Aphrodite Greek Goddess, as is common knowledge, is the Greek Goddess of love and sexuality. The word aphrodisiac is derived from her name. She is said to reside on the Mount Olympus and is depicted by various symbols some of them being the Dolphin, Rose, and Swan.
Aphrodite Greek Goddess
As per the ancient mythological stories, she was born when Cronus cut off Uranus genitals and threw them into the sea, and from the sea foam, she rose. Her Roman equivalent is Venus. As her great beauty was looked upon as something of a threat, for it was inevitable that there would be fights of envy over her, Zeus married her off to the non-threatening Hephaestus.
She had many lovers one of them being Ades to whom she was also a surrogate mother. In many other cultures, various other goddesses who were more or less based on her began to emerge.
As previously mentioned, she rose out of the sea foam. This is very similar to the belief of Venus rising from the sea. As per Hesiod’s Theogony, she must have been from an older generation than Zeus. The Iliad (Book V) expresses another version in which she is actually the daughter of Dione, the original oracular goddess. Once the popularity of Zeus rose, he was called the father of Aphrodite. Her chief center of worship has remained at Paphos.
Aphrodite is believed to have had no childhood. She is always depicted as an adult. The early legends portray her to be vain and ill-tempered. She is also frequently unfaithful to her husband and prefers Ares, the god of war, as she was supposedly drawn to his violent nature. She was also one of the main causes of the Trojan War.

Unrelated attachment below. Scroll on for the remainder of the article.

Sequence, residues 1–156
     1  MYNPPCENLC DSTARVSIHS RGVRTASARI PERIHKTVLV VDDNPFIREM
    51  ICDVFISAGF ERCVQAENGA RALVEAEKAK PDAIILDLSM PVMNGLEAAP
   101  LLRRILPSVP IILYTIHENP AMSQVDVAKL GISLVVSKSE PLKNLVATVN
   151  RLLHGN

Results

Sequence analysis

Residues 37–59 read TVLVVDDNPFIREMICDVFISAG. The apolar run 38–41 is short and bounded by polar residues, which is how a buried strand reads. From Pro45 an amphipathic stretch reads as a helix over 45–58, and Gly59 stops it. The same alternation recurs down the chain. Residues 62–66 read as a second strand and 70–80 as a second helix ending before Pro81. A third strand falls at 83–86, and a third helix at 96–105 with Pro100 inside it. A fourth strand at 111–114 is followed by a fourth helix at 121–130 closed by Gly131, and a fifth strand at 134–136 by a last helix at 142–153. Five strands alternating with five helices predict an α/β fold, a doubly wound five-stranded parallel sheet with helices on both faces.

There are various other stories about Aphrodite. One of them is that of Aphrodite and Psyche. Psyche, being a mortal of great beauty, was able to stir up considerable envy in Aphrodite. She then urged Eros to make Psyche fall in love with the ugliest man on earth by hitting her with an enchanted arrow. The plan backfires when Eros accidentally shoots himself and falls in love with her. In the end, however, Aphrodite dances at their wedding.
Another is the story of Aphrodite and Adonis, to whom she was a surrogate mother. Adonis, in the story, is killed by a jealous Ares disguised as a wild boar.